We believe that a nationwide epidemiological study about migraine in the general population and its relationship with socio-demographic factors, lifestyle habits and co-morbidity with other disorders is needed in Spain. Therefore, the aim of this study was to analyze the prevalence of migraine in the Spanish population and its association with socio-demographic factors, lifestyle habits, self-reported health status, and co-morbidity with other diseases analyzing the data from the most recent (2006) Spanish National Health Survey (SNHS).
The 2006 Spanish National Health Survey (SNHS)
The SNHS is an ongoing, home-based personal interview examining a nation-wide representative sample of civilian non-institutionalized population residing in main family dwellings (households) of Spain. The SNHS is mainly conducted by the National Statistics Institute (Instituto Nacional de Estadística, INE) under the aegis of the Spanish Ministry of Health and Consumer Affairs [21, 22]. Study subjects were selected by means of probabilistic multistage sampling, with the first-stage units being census sections, and the second-stage units, main family dwellings. More details of SNHS methodology are described elsewhere [21, 22]. In 2006, to meet the surveys’ stated aim of being able to furnish estimates with a certain degree of reliability at both national and regional levels, a sample of 31,300 dwellings was selected. The data collection period started in June 2006 and finished in June 2007. Surveyors have been previously trained about basic communication skills, procedures and the used questionnaire. For purpose of the current study, we used data from a total of 29,478 subjects aged 16 year or over.
The variables included in the current study were created on the basis of a series of questions included in the questionnaires. Individuals were classified as migraine sufferers if they responded “yes” to both of the following questions: “Have you suffered from migraine over the previous 12 months?” and “Has your neurologist confirmed the diagnosis of migraine?”
We analyzed socio-demographic characteristics (i.e. gender, age, marital status, educational level, occupational status and monetary monthly income); self-perceived health status; lifestyle-related habits (smoking habits, alcohol consumption, sleep habits, physical exercise, and obesity); and presence of diagnosed concomitant chronic diseases or symptoms including high blood pressure, arthritis, chronic neck pain (neck pain with a duration of at least 6 months), low back pain, asthma, chronic bronchitis, diabetes, osteoporosis, thyroid disease, menopausal symptoms, and depression, as independent variables.
Within socio-demographic characteristics, educational level was classified into no studies (<6 mandatory school years), primary (8 mandatory school years), secondary or university studies; the occupation status was reflected as home duties, students, retires, unemployed and employed; and monetary monthly income was divided as less than €1,200, €1,200–€1,800 and greater than €1,800. Self-perceived health status was assessed with the following question “How did you self-perceive your health status over the previous 12 months?” Subjects described their health status as excellent, good, fair, poor or very poor. This variable was afterwards dichotomized into two: excellent/good or fair/poor/very poor self-perceived health status.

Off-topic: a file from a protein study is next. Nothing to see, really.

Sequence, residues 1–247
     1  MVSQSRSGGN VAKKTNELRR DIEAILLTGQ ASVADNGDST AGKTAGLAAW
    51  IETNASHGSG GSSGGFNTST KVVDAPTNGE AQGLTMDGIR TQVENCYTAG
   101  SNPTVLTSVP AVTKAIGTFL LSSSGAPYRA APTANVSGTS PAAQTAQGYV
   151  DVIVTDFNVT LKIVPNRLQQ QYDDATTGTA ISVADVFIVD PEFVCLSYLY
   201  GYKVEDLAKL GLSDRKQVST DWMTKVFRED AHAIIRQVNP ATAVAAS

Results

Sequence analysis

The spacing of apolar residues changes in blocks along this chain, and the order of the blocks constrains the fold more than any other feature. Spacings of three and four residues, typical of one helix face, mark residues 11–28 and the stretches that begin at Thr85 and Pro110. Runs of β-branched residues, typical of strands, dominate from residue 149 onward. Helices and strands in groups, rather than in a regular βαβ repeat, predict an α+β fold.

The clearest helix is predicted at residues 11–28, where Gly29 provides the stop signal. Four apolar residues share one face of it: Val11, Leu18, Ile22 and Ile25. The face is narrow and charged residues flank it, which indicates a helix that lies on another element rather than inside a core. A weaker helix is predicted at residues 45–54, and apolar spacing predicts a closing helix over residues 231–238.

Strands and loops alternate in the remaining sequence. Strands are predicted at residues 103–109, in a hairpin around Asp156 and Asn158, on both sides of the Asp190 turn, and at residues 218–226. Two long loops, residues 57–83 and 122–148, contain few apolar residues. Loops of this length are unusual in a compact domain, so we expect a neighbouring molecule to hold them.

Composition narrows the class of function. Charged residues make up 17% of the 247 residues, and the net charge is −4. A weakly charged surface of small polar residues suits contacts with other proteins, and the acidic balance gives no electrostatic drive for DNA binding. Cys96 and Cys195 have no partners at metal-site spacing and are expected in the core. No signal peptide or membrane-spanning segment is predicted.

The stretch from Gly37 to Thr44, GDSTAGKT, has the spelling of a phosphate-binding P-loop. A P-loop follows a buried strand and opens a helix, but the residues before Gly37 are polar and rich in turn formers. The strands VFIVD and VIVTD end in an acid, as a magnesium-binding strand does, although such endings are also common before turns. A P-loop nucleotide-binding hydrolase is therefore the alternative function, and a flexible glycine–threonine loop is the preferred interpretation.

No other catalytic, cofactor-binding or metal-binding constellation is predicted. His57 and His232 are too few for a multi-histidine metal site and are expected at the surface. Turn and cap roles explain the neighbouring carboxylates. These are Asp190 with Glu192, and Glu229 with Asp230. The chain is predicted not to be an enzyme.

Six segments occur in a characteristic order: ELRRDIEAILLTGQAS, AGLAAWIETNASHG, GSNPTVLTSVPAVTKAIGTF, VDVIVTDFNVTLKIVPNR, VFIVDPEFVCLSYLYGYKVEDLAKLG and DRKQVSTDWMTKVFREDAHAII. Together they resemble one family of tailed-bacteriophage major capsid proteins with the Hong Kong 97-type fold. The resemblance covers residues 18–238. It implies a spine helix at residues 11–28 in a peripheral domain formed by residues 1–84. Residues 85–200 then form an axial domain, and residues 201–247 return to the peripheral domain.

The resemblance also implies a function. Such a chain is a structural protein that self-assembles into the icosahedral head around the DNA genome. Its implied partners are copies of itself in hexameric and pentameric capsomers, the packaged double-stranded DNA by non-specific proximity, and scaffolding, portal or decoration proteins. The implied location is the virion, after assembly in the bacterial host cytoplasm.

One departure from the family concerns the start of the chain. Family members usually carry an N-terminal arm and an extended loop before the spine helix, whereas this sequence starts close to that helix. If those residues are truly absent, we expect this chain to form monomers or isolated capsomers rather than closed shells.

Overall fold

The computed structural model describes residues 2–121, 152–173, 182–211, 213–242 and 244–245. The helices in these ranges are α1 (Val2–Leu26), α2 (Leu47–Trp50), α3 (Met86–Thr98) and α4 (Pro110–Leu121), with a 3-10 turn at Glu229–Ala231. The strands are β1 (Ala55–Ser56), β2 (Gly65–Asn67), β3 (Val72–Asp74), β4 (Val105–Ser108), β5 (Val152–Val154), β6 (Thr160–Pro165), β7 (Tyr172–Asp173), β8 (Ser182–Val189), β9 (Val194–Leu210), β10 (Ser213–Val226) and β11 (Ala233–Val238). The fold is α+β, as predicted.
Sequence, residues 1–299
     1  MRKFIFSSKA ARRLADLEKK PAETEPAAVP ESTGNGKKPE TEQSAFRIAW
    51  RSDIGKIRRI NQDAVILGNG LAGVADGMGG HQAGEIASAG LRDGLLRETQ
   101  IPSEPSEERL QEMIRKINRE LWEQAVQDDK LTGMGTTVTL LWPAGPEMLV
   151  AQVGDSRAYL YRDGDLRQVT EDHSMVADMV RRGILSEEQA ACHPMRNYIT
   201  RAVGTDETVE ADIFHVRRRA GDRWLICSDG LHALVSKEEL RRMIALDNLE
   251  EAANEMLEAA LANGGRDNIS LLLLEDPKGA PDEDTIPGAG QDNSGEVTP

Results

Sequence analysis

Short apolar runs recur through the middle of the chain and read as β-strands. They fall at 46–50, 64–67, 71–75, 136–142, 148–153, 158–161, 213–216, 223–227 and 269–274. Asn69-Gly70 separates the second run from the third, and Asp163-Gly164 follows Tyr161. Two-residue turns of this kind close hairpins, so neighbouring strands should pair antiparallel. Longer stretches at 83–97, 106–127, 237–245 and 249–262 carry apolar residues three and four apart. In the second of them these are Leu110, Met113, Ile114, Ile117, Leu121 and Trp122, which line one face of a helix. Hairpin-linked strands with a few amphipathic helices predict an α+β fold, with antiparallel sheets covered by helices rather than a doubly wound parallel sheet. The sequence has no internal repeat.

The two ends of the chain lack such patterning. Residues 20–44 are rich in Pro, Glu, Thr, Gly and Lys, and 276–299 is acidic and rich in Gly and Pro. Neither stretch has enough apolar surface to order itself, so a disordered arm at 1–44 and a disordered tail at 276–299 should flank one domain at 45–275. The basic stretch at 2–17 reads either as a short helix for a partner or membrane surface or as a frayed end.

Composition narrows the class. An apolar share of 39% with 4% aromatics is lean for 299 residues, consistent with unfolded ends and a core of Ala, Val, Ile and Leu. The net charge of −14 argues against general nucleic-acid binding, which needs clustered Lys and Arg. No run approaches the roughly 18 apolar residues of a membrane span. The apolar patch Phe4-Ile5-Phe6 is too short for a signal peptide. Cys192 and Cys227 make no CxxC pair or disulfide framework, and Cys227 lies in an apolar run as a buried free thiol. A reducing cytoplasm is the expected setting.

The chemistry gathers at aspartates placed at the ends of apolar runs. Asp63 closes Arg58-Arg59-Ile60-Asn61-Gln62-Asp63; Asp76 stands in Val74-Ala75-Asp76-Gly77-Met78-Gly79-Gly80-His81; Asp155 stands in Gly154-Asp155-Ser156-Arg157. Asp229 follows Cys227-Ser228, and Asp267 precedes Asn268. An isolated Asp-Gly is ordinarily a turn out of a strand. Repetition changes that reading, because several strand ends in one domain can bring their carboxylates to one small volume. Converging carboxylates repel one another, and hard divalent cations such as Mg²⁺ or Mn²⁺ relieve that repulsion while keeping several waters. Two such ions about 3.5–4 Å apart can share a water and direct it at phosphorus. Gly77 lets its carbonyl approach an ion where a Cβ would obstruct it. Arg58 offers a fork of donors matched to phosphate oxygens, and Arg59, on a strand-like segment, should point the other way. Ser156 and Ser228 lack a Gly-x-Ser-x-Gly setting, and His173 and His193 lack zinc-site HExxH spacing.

Within lifestyle habits, smoking habit differentiated between current smokers, ex-smokers or non-smokers. The alcohol consumption was measured using the question “Have you consumed any alcoholic drink in the last 2 weeks?” Sleep habit was divided into subjects who sleep more than 8 h/day and those sleeping less than 8 h/day. Further, subjects were also asked for: “Did you practice any physical activity, such as walking or practicing sports during your free time? Finally, the body mass index (BMI) was calculated from the self-reported body weight and height. Individuals with a BMI ≥ 30 were classified as obese.
We first estimated the prevalence of Spanish adults who could be classified as migraine sufferers and described their distribution according to the study variables and analyzed the association of these variables with the presence of migraine estimating the crude Odds Ratios (OR) with their corresponding 95% confidence intervals. Second, multivariate unconditional logistic regression models were generated, so that we could determine which of the variables covered was independently associated with suffering migraine in our population. Estimates were made using the “svy” (survey commands) functions of the STATA program, which enabled us to incorporate the sampling design and weights into all of our statistical calculations (descriptive OR, logistic regression). Statistical significance was set at two-tailed α < 0.05.